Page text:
Google crowd-sources indoor navigation with new Android app

Google crowd-sources indoor navigation with new Android app
One of the largest obstacles to true “always there” navigation on your phone is getting around indoors. Yet the inside of large commercial venues is one of the places where mobile navigation is most needed. Some new GPS chips utilize recent Bluetooth standards in an attempt to address this, but that will require broad adoption of the standard in the malls, theaters, and stadiums around the world.

In the meantime, Google has decided to speed things up by releasing an app that can be utilized by owners of commercial buildings that have uploaded their own floor plans to Google Maps. Such individuals can download the new app onto an Android device, and then walk around to test how accurate indoor navigation is. The corrections provided by the owners, along with measurements on the strength of local wireless and cell networks, should let Google Maps dramatically improve its ability to navigate inside participating venues.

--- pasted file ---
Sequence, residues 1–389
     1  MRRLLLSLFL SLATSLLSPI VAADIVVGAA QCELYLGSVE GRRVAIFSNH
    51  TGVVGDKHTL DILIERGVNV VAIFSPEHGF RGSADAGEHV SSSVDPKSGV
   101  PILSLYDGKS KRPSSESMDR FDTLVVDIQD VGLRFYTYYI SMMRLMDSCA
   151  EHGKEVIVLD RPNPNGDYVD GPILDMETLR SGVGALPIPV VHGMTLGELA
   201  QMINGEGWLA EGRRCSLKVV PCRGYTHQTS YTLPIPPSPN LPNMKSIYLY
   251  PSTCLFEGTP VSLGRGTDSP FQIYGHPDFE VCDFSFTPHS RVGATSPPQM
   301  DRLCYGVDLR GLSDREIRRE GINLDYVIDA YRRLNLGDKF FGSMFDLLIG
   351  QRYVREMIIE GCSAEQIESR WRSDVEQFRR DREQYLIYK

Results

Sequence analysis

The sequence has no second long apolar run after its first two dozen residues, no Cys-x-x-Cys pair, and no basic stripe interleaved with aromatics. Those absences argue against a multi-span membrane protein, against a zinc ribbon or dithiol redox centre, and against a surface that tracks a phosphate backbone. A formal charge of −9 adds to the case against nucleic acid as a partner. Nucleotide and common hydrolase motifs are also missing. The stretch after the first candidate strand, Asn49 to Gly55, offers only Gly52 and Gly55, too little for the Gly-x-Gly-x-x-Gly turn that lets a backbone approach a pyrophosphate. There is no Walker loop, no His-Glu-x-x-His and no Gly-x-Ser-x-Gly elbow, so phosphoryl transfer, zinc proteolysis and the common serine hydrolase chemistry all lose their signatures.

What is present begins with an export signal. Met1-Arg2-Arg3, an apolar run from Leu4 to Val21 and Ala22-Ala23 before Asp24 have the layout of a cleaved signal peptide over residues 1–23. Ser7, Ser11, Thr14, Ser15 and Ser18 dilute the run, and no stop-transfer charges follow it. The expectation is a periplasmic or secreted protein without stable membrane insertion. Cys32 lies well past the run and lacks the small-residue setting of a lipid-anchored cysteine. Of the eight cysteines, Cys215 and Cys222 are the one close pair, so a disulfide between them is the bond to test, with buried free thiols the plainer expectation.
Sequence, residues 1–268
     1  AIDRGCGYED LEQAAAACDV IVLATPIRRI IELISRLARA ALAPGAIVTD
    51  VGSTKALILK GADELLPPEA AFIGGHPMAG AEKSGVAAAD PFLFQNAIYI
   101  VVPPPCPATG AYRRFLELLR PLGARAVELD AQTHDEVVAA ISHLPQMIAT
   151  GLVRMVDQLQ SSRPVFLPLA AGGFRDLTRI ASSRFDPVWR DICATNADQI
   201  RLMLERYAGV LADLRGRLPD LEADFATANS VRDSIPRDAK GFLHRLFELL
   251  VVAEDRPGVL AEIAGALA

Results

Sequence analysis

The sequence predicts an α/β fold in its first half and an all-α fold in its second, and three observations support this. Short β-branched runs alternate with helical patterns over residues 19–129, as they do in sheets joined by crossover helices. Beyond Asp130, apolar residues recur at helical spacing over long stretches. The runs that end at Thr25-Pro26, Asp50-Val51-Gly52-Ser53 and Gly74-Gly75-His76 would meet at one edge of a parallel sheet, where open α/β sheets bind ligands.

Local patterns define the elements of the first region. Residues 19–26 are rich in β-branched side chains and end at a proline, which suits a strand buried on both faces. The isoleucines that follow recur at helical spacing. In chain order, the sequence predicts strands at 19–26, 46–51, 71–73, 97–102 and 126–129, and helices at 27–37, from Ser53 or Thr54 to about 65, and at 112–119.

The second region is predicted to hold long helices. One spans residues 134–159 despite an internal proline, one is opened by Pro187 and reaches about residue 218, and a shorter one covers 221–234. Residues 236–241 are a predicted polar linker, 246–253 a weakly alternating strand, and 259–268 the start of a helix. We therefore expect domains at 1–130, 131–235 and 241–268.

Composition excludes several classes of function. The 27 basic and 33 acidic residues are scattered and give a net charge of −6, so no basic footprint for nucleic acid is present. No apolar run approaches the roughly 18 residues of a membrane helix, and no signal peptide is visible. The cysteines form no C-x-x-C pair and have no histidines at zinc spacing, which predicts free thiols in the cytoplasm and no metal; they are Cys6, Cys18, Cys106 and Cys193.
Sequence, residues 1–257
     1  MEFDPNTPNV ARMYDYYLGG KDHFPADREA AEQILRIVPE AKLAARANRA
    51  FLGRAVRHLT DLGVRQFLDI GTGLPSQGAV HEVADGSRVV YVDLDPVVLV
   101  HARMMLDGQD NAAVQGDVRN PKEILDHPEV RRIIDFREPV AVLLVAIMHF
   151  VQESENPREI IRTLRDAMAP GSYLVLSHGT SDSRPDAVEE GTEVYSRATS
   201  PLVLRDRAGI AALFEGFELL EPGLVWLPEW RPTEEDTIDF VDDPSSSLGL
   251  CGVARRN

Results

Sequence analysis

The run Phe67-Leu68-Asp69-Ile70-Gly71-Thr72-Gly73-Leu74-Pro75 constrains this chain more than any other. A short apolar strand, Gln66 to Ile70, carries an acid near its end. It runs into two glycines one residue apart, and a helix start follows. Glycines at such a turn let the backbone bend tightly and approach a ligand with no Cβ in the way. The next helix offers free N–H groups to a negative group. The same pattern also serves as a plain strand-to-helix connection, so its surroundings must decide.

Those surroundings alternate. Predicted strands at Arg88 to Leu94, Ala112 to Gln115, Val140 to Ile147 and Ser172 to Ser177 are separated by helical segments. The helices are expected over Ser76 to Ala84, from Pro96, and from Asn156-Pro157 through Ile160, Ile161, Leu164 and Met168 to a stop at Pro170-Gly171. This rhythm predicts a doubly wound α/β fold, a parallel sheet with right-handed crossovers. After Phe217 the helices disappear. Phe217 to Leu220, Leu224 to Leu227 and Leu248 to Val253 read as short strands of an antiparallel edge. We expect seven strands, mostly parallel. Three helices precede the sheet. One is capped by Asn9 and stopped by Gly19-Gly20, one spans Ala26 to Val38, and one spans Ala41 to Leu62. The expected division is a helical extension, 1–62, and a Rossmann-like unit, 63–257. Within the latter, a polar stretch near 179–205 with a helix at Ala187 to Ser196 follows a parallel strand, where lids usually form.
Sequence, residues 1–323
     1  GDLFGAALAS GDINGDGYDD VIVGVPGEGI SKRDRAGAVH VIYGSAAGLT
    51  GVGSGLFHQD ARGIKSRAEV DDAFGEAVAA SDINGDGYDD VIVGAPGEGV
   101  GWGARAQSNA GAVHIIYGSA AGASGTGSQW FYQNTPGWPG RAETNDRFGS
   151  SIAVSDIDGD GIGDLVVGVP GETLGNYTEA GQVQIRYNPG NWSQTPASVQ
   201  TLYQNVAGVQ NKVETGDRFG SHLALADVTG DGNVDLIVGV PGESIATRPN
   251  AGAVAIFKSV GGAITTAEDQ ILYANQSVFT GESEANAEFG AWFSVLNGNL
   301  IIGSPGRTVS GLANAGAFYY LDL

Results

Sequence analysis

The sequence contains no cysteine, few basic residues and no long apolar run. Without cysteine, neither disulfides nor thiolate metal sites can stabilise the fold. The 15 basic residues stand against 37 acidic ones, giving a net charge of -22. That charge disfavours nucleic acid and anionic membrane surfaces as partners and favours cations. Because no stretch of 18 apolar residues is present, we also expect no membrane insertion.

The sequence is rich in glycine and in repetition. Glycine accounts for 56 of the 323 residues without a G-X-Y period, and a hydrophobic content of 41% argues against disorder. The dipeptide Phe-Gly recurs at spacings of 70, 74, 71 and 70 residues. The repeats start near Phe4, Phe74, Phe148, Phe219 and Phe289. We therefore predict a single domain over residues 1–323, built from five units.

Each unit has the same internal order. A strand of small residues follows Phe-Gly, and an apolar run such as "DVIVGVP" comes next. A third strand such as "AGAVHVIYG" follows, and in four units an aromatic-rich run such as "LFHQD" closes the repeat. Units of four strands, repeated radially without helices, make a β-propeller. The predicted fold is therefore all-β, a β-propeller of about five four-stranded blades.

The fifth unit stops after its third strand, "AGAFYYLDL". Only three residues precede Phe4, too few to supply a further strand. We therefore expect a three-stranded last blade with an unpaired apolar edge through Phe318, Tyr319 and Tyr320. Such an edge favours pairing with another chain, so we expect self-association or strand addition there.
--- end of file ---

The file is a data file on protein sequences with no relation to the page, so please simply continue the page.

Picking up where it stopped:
The restriction of the app to companies that have uploaded floor plans is most likely a privacy protection. Owners of some buildings (banks?) may not want such precise navigation freely available to all, so by restricting it to those who have been verified and uploaded plans of their own buildings Google can ensure that they aren’t accidentally violating a private businesses privacy rights.

Those of you who watched Google's Project Glass demo video saw indoor navigation used by in their HUD glasses; this crowd-sourcing app is the sort of thing that will make such smooth and rapid indoor navigation possible in the not-too-distant future.

source: Google Play Market via TechCrunch

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